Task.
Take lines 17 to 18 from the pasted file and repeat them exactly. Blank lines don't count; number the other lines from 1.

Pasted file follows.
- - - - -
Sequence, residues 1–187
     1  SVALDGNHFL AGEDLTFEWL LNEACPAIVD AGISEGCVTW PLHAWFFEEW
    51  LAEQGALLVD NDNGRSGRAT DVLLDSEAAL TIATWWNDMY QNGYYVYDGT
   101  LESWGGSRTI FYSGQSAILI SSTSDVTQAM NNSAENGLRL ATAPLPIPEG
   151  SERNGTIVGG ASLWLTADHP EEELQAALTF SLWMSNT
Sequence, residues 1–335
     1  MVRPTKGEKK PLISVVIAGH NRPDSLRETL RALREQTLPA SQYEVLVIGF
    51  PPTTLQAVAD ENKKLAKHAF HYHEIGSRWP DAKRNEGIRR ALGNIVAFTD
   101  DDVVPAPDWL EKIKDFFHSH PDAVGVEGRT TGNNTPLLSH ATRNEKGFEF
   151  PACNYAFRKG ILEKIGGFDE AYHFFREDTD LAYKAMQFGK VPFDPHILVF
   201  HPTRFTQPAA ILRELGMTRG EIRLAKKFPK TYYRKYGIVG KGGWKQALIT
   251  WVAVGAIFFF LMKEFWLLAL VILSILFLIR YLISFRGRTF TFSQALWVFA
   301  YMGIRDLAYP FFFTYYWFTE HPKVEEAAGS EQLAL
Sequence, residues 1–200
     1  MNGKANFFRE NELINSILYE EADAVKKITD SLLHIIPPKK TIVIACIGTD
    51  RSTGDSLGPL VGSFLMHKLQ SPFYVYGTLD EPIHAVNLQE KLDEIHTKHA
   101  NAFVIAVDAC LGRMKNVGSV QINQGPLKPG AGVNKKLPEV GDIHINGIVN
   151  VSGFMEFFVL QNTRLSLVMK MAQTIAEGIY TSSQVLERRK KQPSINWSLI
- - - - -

   101  NAFVIAVDAC LGRMKNVGSV QINQGPLKPG AGVNKKLPEV GDIHINGIVN
   151  VSGFMEFFVL QNTRLSLVMK MAQTIAEGIY TSSQVLERRK KQPSINWSLI